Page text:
For-profit Nursing Homes Shadowed By Disregarding Safety and Draining Resources

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For-profit nursing homes have been accused of prioritizing profit over patients for years, but the recent revelation from Louisiana brought the issue back into the spotlight. Even before the Kentucky scandal, some government officials spoke about alleged dire conditions in similar facilities.

Subcomittee’s actions 

The Select Subcommittee on the Coronavirus Crisis discussed the issue in the fall of 2020. Chairperson Representative James E. Clyburn said that findings uncovered “the horrors faced by nursing home residents and staff nationwide at the start of the pandemic.”  The subcommittee spoke to numerous sources, with one confirming that for-profit nursing homes did not give staffers equipment and even pressured staff to work despite testing positive for COVID-19. 

Findings from 2018

Gerontology Journal revealed in October 2018 that for-profit nursing home residents are more likely to experience health issues caused by the lack of care. Lee Friedman, the lead researcher, concluded that for-profit facilities’ residents had more “clinical signs of neglect,” including dehydration, sores, broken catheters, and poorly managed medications.

Disaster awaiting 

In 2021, Professor of Law at Marquette University Law School David Papke confirmed in his research that, on average, for-profit nursing homes provided inferior care compared to others. He noted that Congress tried to fix issues in 2020, which is how state investigators came to confirm already known suspicions. 

State inspectors at the Kentucky facility 

State inspectors visited care at Landmark of Louisville Rehabilitation and Nursing in July 2021. Their report stated that residents were wandering the halls, yelling and even beating each other. Someone’s finger was broken, while another resident was abused. But, that was just the beggning. 

Lack of care 

The report, obtained by, continued by sharing that the residents ate nasty meals on plastic trays while struggling to cut through the food with plastic, disposable utensils. The report cited, “The facility did not provide a policy for Dignity and Dining.” They continued by talking to residents who unveiled more horrors.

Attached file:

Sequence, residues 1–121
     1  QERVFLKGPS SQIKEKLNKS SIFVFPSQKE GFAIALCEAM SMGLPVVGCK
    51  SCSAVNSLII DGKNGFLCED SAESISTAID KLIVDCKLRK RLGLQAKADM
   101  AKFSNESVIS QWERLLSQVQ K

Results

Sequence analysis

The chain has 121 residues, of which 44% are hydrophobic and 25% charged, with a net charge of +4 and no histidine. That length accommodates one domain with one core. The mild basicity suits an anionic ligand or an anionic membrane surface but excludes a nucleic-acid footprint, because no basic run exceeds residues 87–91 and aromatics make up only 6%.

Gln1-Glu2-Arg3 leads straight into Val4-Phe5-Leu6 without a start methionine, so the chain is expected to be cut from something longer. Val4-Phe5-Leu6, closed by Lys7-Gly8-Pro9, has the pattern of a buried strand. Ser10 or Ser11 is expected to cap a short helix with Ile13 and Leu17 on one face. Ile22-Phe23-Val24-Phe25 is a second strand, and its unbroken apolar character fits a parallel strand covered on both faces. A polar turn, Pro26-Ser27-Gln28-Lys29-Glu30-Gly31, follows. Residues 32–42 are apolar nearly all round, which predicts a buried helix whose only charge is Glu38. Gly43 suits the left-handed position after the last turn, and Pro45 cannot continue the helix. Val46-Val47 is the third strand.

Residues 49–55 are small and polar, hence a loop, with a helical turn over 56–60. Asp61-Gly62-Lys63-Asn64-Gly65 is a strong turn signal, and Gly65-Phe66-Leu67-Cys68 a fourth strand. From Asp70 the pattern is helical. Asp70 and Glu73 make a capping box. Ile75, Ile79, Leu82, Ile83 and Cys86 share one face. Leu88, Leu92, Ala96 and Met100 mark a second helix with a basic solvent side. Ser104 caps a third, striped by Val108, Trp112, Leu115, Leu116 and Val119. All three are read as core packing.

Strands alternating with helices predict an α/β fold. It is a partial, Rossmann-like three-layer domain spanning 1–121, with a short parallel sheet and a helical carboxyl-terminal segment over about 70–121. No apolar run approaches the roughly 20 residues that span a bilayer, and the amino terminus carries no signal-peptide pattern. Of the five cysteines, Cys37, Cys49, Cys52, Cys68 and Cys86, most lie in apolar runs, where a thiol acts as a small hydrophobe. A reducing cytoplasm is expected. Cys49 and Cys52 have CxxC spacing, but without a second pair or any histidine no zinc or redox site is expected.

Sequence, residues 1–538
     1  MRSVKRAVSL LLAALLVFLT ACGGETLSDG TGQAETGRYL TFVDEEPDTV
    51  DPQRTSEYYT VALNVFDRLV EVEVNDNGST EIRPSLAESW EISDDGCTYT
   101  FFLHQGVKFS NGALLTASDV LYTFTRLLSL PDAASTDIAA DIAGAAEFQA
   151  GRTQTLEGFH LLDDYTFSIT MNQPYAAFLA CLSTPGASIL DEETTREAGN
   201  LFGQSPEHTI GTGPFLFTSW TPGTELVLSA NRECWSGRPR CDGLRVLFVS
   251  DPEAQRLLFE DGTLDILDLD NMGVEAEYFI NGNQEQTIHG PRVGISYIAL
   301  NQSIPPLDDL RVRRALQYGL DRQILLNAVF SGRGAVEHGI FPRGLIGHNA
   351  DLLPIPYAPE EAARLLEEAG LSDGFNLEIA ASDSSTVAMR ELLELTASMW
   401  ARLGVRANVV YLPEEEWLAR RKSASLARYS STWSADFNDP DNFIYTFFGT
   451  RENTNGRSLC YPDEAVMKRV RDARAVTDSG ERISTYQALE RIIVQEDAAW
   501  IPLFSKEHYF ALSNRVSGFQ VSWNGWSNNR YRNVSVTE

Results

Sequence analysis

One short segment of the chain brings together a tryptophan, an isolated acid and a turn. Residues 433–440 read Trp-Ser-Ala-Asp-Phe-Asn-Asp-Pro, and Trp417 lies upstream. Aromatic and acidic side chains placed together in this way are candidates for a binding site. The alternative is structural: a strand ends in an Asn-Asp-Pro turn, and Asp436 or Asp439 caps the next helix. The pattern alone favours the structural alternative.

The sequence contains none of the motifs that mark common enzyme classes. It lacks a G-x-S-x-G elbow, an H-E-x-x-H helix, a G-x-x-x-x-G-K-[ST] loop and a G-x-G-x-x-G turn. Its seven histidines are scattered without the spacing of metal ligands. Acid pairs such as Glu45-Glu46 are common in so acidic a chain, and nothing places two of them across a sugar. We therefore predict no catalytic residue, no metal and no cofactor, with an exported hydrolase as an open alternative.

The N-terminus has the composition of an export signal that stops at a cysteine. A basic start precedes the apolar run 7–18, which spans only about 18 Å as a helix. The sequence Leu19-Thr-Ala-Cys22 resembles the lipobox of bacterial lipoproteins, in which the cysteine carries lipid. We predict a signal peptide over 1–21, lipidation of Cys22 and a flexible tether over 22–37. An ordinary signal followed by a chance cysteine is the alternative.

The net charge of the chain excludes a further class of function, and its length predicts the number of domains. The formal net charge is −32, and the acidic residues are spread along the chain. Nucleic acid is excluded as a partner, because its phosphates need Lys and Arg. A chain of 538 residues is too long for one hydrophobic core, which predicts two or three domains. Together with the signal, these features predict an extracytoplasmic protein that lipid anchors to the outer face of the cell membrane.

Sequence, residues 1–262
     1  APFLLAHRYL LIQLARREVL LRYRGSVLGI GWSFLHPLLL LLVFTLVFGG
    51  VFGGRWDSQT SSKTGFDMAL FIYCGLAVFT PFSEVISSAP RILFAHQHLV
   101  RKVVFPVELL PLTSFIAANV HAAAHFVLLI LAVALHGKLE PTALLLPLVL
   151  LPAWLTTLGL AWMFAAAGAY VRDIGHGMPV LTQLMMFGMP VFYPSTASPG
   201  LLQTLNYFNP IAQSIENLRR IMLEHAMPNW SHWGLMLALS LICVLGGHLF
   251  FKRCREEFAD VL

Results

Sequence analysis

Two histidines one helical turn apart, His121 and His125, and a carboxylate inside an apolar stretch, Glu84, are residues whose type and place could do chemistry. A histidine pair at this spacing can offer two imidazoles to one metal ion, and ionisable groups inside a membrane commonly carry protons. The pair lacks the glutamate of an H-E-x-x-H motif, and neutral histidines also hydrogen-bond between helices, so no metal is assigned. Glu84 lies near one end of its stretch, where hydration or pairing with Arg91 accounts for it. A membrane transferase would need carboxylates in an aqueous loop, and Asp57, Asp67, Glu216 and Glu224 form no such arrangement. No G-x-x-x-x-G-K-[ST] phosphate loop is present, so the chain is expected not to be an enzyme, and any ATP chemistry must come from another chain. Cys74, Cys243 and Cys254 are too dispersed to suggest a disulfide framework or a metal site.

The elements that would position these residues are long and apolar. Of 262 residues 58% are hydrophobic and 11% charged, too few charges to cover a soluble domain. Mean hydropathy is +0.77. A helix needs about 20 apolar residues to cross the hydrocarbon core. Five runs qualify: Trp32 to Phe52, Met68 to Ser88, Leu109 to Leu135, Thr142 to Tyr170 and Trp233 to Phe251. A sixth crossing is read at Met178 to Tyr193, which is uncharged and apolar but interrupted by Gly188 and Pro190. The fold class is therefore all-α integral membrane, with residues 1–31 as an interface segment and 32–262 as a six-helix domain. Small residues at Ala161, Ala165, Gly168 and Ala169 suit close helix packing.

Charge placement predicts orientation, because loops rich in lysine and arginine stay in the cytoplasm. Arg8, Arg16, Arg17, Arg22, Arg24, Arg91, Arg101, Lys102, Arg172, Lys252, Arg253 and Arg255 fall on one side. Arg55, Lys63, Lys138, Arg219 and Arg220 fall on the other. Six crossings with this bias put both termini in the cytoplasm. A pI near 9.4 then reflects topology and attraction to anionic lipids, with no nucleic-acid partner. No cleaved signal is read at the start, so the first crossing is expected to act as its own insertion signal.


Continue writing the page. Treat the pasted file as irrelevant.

The $319,000 fine 

The inspectors found that Landmark was deficient in 29 areas. Among those, six put residents in immediate danger, and three where actual harm was uncovered. The facility was fined US$319,000, or 29 times the average. However, even the hefty fine did not solve the issue. Instead, it opened more. 

The network of abuse 

The Kentucky Landmark is one of 58 facilities run by Infinity Healthcare Management. The parent company operates in five states and has paid nearly $10 million in fines in the past three years. And that’s only one of over 10,000 facilities that make up 72 percent of the nation’s nursing home industry. 

Red flags 

The topic is not new. In 2016, Dr. Charlene Harrington, professor emeritus at the University of California San Francisco, said that nursing homes typically cut staff pay despite the facilities being labor-intensive. Yet, a report by ProPublica showed that New York’s largest for-profit chain, SentosaCare, LLC, has successfully extended despite a history of repetitive fines, violations, and complaints of deficient care among its 25 facilities.

Billion dollar industry 

A new report from Consumer Voice concluded that cutting corners, such as lack of staffing and reduced care for residents, is worth billions. One of the critical findings is that though billions go to companies yearly, there is almost no federal supervision regarding the spending. 

Calls for CMS 

CMS, or Centers for Medicare & Medicaid Services, was named in the Consumer Voice report to “take action” and “ensure that taxpayer dollars are spent on care and that the safety and well-being of nursing home residents is assured.” CMS is a federal agency within the United States Department of Health and Human Services overseeing for-profit and similar facilities. 

CMS responded

After the Conversation’s report, CMS told the outlet it is “unwavering in its commitment to improve safety and quality of care for the more than 1.2 million residents receiving care in Medicare- and Medicaid-certified nursing homes.” 

To be continued 

The Kentucky report is one of many. UCLA’s recent report, “Tunneling and Hidden Profits in Health Care,” examined how healthcare providers covertly extract profit by making inflated payments for goods and services to commonly owned related parties. The same report also wrote that “provider costs may be overstated,” something that many other researchers also noted.

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